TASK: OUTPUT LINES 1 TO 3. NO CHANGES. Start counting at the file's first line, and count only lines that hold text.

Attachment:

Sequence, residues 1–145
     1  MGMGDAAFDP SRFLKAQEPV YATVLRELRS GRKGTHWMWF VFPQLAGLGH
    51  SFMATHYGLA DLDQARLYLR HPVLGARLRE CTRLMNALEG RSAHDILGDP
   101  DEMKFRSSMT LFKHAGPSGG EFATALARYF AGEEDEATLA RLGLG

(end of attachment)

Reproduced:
Sequence, residues 1–145
     1  MGMGDAAFDP SRFLKAQEPV YATVLRELRS GRKGTHWMWF VFPQLAGLGH
    51  SFMATHYGLA DLDQARLYLR HPVLGARLRE CTRLMNALEG RSAHDILGDP